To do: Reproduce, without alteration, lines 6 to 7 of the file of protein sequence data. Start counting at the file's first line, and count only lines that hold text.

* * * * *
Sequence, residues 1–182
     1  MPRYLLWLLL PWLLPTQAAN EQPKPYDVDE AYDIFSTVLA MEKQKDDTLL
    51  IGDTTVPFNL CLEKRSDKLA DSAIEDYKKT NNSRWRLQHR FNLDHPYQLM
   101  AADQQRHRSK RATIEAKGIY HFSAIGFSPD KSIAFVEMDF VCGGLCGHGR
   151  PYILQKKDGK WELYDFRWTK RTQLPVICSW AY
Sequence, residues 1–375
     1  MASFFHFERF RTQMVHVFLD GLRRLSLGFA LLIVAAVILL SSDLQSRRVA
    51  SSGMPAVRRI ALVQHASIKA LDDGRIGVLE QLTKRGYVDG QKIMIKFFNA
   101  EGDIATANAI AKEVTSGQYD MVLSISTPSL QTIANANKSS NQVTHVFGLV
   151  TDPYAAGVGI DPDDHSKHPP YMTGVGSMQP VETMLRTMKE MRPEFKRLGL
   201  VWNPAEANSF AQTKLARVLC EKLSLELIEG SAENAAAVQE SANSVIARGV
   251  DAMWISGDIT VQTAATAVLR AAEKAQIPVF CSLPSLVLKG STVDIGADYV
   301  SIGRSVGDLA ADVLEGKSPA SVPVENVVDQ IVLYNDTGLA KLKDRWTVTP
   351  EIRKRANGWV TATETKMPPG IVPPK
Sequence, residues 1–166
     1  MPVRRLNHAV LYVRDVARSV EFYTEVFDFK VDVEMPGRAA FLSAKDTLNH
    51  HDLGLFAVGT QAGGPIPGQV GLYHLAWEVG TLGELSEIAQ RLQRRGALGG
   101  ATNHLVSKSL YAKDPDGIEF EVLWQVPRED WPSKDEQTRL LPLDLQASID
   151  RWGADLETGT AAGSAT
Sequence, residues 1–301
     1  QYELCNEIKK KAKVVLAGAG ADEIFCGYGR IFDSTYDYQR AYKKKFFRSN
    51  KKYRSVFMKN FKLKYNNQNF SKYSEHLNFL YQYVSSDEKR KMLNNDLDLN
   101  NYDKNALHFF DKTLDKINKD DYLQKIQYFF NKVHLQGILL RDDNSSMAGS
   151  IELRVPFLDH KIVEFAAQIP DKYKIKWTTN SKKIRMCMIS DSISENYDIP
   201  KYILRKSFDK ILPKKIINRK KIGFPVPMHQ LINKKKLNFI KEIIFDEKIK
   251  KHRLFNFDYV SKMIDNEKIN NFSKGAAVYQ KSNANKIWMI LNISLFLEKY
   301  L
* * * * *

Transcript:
Sequence, residues 1–375
     1  MASFFHFERF RTQMVHVFLD GLRRLSLGFA LLIVAAVILL SSDLQSRRVA